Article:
The loan amount is capped at two and a half times the monthly payroll cost (excluding any individual's compensation above $100,000), but no more than $10 million.

Loan payments will be deferred for six to twelve months with a term of up to 10 years and interest rates up to 4%.

Participants in the paycheck protection loan program are not eligible to receive the payroll tax credit also included in the stimulus legislation.

Loan Forgiveness

Loans will be forgiven in an amount equal to borrower’s spending during the 8-week period (“Loan Forgiveness Period”) following the origination of the loan on payroll, mortgage interest, rent and utilities. 

However, the amount of the loan that does not have to be paid back is reduced if employees are laid off or have hours/wages reduced (unless the employees are re-hired or the reduction reversed by June 30, 2020). 

The amount of the reduction in employees in the case of layoffs is determined by comparing the total number of full-time equivalent employees during the 8-week Loan Forgiveness Period described above to the total number of such employees during either of two time periods selected by the borrower: February 15 through June 30, 2019, or January 1, 2020 through February 29, 2020; the amount of the loan that can be forgiven is reduced in proportion to the reduction in full time equivalent employees.  

A similar test is applied to reduce the amount of the loan that can be forgiven where there has been a reduction in employees’ pay (other than pay of employees that made more than $100,000 in 2019): for this purpose pay during the 8-week Loan Forgiveness Period is compared to pay for the most recent full quarter before the Loan Forgiveness Period, and to the extent there is a more than 25% reduction in an employee’s pay then the entire reduction in pay results in a dollar for dollar reduction in the amount of the loan forgiveness.

Because of the potential impact of layoffs or pay reductions on the amount of the loan that will be forgiven, it is important to plan such layoffs and pay reductions carefully.

Example of the PPP for a Home Service Business

I am considering whether I have to lay off some of my technicians because of the downturn in business from the shelter in place order that has taken effect in my city. My monthly payroll cost is $200,000. I can now borrow up to $500,000 under the Paycheck Protection Program at 4%. 

I close on the loan on May 1, 2020. Since I will spend more than $500,000 on payroll, rent, and utilities in the 8 weeks after the loan is originated, the entire amount of the loan is forgiven. This permits me to continue to keep everyone employed at their current compensation during the downturn.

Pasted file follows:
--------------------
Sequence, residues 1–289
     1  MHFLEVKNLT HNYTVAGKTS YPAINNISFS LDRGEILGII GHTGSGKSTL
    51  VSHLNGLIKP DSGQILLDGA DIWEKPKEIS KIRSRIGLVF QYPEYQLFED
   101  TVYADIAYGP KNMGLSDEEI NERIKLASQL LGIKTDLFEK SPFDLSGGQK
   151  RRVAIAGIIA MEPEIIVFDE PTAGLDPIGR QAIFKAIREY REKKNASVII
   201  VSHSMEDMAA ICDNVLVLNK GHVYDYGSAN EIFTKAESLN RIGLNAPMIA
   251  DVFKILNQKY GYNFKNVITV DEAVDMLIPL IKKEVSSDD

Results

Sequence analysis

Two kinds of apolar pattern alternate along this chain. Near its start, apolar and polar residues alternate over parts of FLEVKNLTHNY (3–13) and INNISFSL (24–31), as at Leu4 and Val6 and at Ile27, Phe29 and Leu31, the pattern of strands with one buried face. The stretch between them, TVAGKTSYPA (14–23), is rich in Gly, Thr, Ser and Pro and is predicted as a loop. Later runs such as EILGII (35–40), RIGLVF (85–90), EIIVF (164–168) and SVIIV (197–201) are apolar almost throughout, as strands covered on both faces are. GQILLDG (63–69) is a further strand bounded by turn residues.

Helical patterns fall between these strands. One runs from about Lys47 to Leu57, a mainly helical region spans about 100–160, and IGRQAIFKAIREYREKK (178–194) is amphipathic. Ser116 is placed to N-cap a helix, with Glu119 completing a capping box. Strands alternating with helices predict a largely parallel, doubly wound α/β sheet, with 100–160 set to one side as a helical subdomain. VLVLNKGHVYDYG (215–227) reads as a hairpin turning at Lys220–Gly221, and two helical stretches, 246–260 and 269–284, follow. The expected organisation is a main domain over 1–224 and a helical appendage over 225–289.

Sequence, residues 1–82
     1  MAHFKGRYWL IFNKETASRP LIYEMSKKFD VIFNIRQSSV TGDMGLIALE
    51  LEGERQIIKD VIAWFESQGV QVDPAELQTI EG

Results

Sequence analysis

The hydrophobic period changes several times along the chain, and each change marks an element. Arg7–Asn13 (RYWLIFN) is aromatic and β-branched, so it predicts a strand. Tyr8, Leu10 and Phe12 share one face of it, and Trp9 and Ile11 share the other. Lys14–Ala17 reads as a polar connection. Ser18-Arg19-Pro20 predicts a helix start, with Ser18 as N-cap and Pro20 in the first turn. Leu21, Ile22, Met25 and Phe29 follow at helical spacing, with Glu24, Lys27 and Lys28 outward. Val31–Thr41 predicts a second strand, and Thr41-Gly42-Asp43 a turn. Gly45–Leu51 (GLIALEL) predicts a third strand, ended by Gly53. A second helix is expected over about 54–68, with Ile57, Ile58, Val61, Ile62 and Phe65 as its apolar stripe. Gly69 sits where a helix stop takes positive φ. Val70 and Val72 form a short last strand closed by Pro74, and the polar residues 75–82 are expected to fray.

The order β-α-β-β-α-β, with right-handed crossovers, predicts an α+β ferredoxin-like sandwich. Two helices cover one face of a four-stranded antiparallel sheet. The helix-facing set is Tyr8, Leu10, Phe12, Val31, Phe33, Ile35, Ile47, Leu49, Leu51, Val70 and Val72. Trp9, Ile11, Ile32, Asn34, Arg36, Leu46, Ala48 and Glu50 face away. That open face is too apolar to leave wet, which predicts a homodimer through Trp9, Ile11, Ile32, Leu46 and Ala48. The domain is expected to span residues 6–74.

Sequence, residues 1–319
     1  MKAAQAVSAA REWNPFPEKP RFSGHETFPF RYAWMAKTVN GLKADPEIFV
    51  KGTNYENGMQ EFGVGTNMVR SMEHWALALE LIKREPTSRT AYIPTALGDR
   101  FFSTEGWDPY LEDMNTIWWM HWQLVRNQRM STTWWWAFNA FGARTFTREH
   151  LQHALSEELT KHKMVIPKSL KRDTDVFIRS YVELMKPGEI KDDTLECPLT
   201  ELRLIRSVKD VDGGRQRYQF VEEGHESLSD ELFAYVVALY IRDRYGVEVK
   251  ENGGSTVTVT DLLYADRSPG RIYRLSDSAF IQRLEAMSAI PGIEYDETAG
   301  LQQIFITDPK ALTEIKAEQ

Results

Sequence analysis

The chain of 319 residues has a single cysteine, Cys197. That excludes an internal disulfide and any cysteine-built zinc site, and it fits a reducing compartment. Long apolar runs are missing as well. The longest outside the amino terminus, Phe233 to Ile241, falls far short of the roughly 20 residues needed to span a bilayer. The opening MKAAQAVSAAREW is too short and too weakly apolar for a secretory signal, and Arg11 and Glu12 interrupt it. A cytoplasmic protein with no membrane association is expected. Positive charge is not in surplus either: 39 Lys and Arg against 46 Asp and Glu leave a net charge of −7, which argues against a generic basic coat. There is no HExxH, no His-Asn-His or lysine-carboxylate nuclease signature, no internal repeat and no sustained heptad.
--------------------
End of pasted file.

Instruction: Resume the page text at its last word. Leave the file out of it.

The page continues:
Who Is Eligible

Businesses with 500 or fewer employees, including sole proprietorships and independent contractors. Businesses that operate as franchises who have an SBA franchise identifier code are also eligible (without regard to the 500-employee limit).

How to Apply

As opposed to the EIDL loans for which you apply through the SBA, PPP loan applications should be made directly with a lender you have selected. 

According to the

Department of Home Treasury

, “You can apply through any existing SBA lender or through any federally insured depository institution, federally insured credit union, and Farm Credit System institution that is participating. Other regulated lenders will be available to make these loans once they are approved and enrolled in the program. You should consult with your local lender as to whether it is participating.”

The application and a fact sheet about the program can be found here:


Find an SBA-approved lender through SBA’s Lender Match program:


Frequently Asked Questions

Should I rehire employees I just recently let go or furloughed? 

Every potential borrower should analyze their own financial situation, but in some cases the new loan provisions should make it possible to avoid or reduce layoffs or even hire back recently laid off or furloughed employees.

What are the rules here for owner/operators?


The new loan provisions permit sole proprietorships and independent contractors to participate in the new program like other small businesses. 

When will I be able to apply?


Small businesses and sole proprietors are eligible to apply for these loans beginning April 3, 2020. Independent contractors and self-employed individuals can apply on April 10, 2020.

What if I already have a bank loan? 

Many bank loans will require your existing lender to approve new loans, including loans like the new SBA loans, but because the new loans do not require collateral and are likely to be forgiven it may be easier than in the usual case to obtain such approvals; borrowers may also wish to check with their existing lender to see if the existing lender could make the new loan. 

Does borrowing under the new loan program affect my eligibility for any other benefits? 

If you take a loan under this new loan program you will not be eligible for the payroll tax credit also provided as part of the stimulus legislation. So it is important to analyze which program or provision will be more advantageous to use.

Online Resources

Get a summarized one-pager of the Paycheck Protection Program (PPP):